What has 2018 meant for the UK property market?
17 Dec 18
The past twelve months have certainly been an eventful year for the UK property market, and as anticipated, Brexit proved to be a dominating issue.
And while we are still no clearer on how the UK’s withdrawal from the EU will be managed, the housing market once again proved resilient, attracting interest from domestic and foreign investors alike.
While some industry commentators have been critical of real estate’s performance in 2018, there’s no denying that of all the traditional assets currently available to investors, property remains a leading asset class. Based on a survey conducted at the beginning of the year, Market Financial Solutions discovered that 53% of UK investors were directing their capital into traditional asset classes over the course of 2018, with 63% of regarding property as a safe and secure.
Moreover, the overwhelming number of investors were not deterred by the potential impact of Brexit on their investment strategy – 77% said the EU referendum had not changed the way they had invested. The positive investor sentiment projected by Market Financial Solutions at the beginning of the year was matched by the steady increase in house prices across the country, led by regions like the North West and the Midlands which saw impressive levels of growth in 2018. Supply and affordability challenges, however, remain pressing issues in need of urgent attention.
How did the Government do in 2018?
Following a strong start to the year, when the Government touted new housing initiative to address the growing imbalance between supply and demand, public attention quickly turned towards the logistics and realities of the UK’s nearing departure from the European Union in March 2019.
On top of the political turbulence caused by these Brexit negotiations, the appointment of Dominic Raab as the new Housing Minister in January – only to be followed by Kit Malthouse six months later – came as a blow to a property market. The Government was subsequently criticised by property commentators for its ‘merry-go-round’ of ministers, which has so far undermined the cohesion and clarity of the country’s housing policy.
There were, however, some positive steps in the right direction. In an attempt to meet the target of adding 300,00 new homes to the market every year, the Prime Minister in September pledged £2 billion in new funding towards the construction of affordable new-builds. This was followed by the Chancellor’s announcement of a funding boost for SME developers as part of the 2018 Autumn Budget.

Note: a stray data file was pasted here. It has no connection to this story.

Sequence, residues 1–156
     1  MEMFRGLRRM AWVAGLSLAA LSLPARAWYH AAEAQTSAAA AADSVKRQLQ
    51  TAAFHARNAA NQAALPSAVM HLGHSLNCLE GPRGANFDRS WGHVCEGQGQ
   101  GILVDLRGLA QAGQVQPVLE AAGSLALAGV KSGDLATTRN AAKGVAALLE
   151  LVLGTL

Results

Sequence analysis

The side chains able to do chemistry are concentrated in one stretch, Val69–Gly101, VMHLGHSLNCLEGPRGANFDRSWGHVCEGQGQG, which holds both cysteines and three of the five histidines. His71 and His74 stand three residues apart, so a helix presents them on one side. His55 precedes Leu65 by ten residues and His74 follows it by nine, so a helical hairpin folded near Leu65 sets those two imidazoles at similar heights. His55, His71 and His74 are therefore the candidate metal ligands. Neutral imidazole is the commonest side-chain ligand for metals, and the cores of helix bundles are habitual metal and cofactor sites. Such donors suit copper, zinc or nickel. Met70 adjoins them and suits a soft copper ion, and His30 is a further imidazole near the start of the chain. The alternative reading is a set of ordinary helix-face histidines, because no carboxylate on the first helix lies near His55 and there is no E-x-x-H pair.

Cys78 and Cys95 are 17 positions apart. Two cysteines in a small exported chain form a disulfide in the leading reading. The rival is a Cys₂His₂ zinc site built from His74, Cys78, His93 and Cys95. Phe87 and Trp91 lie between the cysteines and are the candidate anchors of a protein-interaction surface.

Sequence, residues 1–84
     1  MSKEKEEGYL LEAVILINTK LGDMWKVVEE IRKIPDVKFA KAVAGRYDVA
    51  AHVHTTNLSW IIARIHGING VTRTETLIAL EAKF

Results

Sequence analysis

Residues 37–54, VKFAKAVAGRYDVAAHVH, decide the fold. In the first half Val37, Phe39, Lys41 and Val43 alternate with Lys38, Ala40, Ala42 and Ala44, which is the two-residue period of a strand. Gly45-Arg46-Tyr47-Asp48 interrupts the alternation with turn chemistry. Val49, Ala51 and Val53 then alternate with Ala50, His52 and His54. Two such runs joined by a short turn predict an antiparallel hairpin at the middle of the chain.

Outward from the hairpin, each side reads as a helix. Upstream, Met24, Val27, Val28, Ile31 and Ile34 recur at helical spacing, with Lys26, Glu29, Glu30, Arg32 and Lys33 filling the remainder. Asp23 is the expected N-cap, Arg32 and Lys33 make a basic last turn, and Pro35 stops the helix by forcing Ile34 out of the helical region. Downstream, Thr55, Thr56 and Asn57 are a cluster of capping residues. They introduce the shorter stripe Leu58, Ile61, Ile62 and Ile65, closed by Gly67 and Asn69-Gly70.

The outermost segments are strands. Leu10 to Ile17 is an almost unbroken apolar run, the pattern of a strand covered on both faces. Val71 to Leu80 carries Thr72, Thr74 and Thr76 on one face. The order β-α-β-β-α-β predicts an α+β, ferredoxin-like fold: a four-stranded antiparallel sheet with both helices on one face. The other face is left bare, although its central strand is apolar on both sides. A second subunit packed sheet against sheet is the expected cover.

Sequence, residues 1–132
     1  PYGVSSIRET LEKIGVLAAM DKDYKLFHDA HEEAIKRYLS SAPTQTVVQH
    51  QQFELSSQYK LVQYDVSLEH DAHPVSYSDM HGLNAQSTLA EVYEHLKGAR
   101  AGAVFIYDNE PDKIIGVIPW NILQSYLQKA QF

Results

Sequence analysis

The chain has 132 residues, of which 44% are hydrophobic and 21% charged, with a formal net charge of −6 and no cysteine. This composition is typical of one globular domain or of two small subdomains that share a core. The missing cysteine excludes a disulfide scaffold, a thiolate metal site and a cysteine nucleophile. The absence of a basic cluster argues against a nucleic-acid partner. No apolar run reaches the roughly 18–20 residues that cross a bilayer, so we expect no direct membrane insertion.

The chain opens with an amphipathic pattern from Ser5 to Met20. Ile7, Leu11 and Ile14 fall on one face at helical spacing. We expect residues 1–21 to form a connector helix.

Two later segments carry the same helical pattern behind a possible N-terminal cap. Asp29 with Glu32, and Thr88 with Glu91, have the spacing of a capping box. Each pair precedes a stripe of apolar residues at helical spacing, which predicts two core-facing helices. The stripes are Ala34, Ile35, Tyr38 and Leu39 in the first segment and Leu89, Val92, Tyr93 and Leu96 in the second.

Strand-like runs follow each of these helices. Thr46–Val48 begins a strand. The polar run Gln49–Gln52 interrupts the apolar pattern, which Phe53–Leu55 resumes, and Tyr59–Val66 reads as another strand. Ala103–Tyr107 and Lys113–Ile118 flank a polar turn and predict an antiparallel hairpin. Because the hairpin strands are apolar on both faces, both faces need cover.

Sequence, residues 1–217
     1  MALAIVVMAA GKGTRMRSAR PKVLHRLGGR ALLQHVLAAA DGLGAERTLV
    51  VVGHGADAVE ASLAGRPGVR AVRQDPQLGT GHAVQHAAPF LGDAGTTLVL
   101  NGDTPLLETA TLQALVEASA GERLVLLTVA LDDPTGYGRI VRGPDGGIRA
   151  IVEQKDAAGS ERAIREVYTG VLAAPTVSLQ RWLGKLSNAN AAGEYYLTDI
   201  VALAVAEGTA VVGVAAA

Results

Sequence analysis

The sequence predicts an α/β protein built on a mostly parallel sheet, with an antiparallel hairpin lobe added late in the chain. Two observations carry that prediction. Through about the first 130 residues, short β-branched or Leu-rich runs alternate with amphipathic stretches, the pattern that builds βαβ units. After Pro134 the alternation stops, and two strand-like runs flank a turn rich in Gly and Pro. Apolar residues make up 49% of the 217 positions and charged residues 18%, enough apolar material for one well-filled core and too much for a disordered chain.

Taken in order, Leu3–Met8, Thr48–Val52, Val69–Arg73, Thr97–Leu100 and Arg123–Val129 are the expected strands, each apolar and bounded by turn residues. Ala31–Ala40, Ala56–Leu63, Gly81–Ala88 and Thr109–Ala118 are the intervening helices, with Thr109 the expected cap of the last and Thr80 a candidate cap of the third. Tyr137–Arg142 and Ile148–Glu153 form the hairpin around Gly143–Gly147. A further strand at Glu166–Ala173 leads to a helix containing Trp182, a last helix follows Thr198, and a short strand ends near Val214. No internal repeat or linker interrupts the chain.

While these measures were highly welcomed and will help increasing the amount of homes on the real estate market, there’s no denying that much more needs to be done in the next year to ensure people are able to jump on and move up the property ladder.
Addressing the housing crisis in 2019
Brexit will no doubt continue to dominate the headlines over the first months of the year and this is not likely to deter property investment in the short-term. Based on current trends, house prices are set to continue rising over the coming 12 months, with a recent industry report suggesting that UK property prices are set to grow by 2.5% in 2019. Coupled with strong investor sentiment and high demand for property, the 2019 is expected to be another year of opportunity for prospective homebuyers and property investors.
However, a strong focus will need to be placed on addressing the pressing housing shortage and ensuring that all groups have access to affordable property. In reality, this means that the ambitious goal of 300,000 new homes needs to be supplemented with new and innovative solutions to ensure that the supply of property can keep up with demand.
This includes encouraging investors to refurbish derelict properties – as it stands, there are more than 216,000 homes across the country which have stood empty for six months or more – and putting them back on the property market. Turning ex-retail spaces and commercial properties into housing is another way of making the most of the available housing stock, rather than the current approach of focusing almost exclusively on the construction of new-builds.
As the property market continues to face significant challenges, we should be exploring creative new approaches like this that take advantage of the existing housing stock. The construction of new homes is certainly vital if we are to keep up with the growing demand, however it would be a missed opportunity should we not also take advantage of the houses that already exist on the market. As we look to 2019, a holistic strategy is required should the imbalance between housing demand and supply be effectively corrected.